Apple’s market position in China is stronger than many think

“For all the people that turned negative on Apple because of flagging iPhone sales in China, let me tell you — Apple’s China market position isn’t as bad as it looks,” Sejuti Banerjea writes for Zacks.

“Yes, revenues in Greater China were down 26% this past quarter, somewhat impacted by currency. But the iPhone maker remains one of the top smartphone sellers in the country,” Banerjea writes. ” In a market that grew just 2.5% in 2015, Apple managed to pick up 4.6 points of share. Market leader Xiaomi gained just 2.6 points and number two Huawei 4.8 points. The fourth and fifth largest vendors Oppo and Vivo gained 2 points and 1.5 points, respectively. This, in a market where Apple’s iPhone is priced more than 3X higher than the next priciest phone (from Oppo).”

“According to a Chinese survey report released earlier this year, Apple was voted by far the top brand for gifting by ultra-rich Chinese men, ahead of LV, Gucci and Cartier. Women preferred Channel [sic] and LV with Apple coming in a close third,” Banerjea writes. “So while we are ruing Apple’s declining sales, we should remember that Apple continues to grow mind share, which is most important for long-term success.”

Read more in the full article here.

MacDailyNews Take: This break was brought to you by Reality. We now return you to your regularly scheduled program: “You know, Apple is doomed.”

[Thanks to MacDailyNews Reader “David E.” for the heads up.]


    1. You appear to be suggesting that market share in sub $300 smartphones is an important metric to aim for.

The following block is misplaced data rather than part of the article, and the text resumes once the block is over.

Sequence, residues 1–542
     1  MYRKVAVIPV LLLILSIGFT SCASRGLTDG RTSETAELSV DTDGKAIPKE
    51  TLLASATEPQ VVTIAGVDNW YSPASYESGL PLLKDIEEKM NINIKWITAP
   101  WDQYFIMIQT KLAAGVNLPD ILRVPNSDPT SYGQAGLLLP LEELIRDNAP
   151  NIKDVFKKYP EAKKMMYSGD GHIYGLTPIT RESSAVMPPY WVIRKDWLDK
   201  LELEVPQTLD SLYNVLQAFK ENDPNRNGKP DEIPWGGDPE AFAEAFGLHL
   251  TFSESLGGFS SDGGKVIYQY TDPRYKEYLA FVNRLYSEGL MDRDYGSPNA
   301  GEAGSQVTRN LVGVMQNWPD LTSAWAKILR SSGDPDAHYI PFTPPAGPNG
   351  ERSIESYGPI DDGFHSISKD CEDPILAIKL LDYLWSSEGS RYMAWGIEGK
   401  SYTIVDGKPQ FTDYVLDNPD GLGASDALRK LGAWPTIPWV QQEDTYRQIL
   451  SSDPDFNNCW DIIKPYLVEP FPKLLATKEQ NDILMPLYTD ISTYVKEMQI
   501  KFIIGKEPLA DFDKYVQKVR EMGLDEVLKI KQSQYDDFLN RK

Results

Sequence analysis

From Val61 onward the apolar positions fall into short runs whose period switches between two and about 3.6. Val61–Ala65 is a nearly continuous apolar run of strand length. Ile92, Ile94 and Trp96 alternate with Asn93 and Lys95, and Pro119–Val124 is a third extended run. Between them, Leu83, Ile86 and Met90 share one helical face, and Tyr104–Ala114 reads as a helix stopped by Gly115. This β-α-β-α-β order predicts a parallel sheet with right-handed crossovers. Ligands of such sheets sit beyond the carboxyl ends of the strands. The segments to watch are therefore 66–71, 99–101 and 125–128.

There is a very important reason why Apple has chosen not to address that market and I can’t imagine that they ever would

      Selling solely to the premium market is what enables Apple to earn almost all the global profit from the entire smartphone sector.

  1. Agree with alanaudio. Nobody asks Louis Vuitton how many purses they sold to low income earners. It’s not their market. The difference though is that Apple competes in a commodity market. Their products are not technological luxury goods in the same sense a high-end stereo is. They have limited lives and planned obsolescence.

    This is why Apple is so focused on providing the user with a complete experience. No one buys a $150.00 Android phone and worries how the services will work together.

    Apple wants you to think about this. It starts as soon as you walk into the Apple store and see a carefully selected arrangement of products that all work well together (for the most part).

    Apple sells a lifestyle, Android sells a phone with a camera.

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